The Last Supper is probably the only dinner in history to be documented by Leonardo da Vinci, so it’s kind of a big deal. (I was too lazy to research whether or not Leo painted other meals, but I’m fairly certain this is correct, so let’s just go with it.) Jesus Christ’s final meal before his crucifixion has been endlessly analyzed for centuries, but for some reason, nobody thought to investigate what kind of wine JC and his apostle bros guzzled in between helpings of grilled eel and orange slices—until now.
The good folks at Vivino recently assembled a dream team of scholars, Avengers-style—including a theology professor from the University of San Francisco, an anthropologist from the University of Pennsylvania and a Vivino brand ambassador who as far as we can tell is just a guy who really likes wine (which maybe makes him Hawkeye in this scenario?) to determine Christ’s bottle of choice.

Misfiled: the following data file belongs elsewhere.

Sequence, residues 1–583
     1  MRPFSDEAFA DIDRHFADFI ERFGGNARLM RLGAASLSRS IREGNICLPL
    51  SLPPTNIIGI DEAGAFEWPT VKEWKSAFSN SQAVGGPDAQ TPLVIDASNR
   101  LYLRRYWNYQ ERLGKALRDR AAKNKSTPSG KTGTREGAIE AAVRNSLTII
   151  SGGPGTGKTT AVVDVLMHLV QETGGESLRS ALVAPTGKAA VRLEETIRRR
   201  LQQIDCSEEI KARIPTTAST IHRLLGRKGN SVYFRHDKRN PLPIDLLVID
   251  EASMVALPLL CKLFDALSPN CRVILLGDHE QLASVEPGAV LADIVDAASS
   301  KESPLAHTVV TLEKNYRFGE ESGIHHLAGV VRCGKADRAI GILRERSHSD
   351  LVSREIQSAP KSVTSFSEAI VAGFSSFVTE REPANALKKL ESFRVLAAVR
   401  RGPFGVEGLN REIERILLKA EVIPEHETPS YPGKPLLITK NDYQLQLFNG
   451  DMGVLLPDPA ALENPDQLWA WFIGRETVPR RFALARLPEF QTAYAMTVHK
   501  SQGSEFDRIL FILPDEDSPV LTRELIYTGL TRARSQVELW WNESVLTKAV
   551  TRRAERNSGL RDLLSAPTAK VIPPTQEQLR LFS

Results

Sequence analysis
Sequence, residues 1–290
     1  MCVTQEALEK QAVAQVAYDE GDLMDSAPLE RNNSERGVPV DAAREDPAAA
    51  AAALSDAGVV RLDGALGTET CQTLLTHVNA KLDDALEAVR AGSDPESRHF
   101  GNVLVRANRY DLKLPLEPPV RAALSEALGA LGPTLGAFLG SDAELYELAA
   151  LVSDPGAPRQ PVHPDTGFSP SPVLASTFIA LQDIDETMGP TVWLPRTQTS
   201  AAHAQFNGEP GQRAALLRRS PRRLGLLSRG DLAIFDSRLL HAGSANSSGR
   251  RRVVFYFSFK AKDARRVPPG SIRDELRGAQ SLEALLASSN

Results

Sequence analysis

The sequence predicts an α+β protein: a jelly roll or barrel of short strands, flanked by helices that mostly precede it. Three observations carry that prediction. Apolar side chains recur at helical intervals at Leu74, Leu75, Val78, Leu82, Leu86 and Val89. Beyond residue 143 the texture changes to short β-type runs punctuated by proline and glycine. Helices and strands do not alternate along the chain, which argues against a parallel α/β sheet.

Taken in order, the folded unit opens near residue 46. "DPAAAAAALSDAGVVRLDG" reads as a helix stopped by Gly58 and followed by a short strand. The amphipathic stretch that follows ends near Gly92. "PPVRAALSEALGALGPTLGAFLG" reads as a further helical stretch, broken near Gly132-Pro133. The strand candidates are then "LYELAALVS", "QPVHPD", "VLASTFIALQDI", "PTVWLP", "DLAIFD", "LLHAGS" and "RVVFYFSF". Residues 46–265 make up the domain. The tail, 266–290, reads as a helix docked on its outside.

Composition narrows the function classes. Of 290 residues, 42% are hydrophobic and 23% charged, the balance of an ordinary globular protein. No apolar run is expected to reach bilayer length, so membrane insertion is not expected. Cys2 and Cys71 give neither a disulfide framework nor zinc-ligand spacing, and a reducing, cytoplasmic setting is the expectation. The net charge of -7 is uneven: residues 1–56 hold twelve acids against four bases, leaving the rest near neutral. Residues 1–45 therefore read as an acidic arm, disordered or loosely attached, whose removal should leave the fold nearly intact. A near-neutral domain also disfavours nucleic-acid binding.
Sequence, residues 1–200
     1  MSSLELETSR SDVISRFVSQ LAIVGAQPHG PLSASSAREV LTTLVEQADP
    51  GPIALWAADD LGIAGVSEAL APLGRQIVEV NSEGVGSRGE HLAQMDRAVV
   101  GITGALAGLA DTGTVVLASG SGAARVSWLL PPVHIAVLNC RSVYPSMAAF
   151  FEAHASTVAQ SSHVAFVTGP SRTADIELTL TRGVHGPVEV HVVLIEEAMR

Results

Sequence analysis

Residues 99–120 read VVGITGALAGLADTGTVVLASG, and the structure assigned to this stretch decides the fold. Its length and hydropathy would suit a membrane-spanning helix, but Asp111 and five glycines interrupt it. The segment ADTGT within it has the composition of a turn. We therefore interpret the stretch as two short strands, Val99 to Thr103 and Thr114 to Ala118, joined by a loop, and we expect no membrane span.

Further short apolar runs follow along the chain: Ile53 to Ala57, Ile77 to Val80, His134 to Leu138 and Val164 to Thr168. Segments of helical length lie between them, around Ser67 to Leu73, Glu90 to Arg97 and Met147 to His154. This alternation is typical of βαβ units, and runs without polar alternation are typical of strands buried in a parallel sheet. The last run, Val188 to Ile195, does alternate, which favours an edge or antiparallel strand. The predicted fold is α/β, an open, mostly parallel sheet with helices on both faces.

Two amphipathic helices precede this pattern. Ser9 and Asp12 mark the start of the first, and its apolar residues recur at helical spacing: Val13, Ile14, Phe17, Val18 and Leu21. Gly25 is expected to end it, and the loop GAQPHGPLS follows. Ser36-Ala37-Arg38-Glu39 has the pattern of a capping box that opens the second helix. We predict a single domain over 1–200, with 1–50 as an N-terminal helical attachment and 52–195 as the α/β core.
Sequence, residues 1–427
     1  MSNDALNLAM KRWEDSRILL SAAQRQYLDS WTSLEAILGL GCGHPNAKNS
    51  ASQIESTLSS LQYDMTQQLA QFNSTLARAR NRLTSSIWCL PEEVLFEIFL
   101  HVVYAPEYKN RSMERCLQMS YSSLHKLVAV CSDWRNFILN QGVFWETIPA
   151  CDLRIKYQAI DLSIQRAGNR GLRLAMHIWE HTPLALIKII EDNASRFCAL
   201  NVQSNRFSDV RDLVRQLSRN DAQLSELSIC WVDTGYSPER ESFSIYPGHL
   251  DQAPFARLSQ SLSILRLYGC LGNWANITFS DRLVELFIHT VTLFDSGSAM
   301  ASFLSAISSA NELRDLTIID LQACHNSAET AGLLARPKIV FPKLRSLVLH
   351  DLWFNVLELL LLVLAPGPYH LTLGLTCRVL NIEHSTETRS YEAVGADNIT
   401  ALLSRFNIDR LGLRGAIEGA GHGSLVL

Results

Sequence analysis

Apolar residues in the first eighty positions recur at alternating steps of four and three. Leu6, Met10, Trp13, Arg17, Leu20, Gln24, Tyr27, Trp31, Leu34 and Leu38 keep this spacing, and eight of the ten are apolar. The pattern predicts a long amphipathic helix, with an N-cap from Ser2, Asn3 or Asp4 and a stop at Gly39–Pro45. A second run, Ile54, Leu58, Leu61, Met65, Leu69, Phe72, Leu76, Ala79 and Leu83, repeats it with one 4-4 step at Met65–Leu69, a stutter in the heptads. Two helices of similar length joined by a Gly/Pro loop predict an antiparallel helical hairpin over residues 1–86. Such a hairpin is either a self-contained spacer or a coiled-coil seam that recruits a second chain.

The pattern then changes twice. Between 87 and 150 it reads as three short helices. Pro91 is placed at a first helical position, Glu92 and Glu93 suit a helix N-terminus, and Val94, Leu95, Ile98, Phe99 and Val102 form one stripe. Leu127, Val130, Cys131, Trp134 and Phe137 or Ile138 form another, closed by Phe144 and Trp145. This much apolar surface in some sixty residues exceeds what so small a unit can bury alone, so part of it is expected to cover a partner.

After considering several factors, such as what wine-making was like in Jerusalem back in A.D. 30 and the people’s vino preferences based on archaeological clues (sweet, thick wine made from dried-out grapes), the scientists determined that Jesus and co. probably drank something like a modern-day Italian Amarone.
More evidence is needed to know for sure, the scientists say, but that might be hard to come by. “If someone can find me the Holy Grail and send it to my lab, we could analyze it and tell you,” Penn’s Dr. Patrick E. McGovern told Vivino. On it!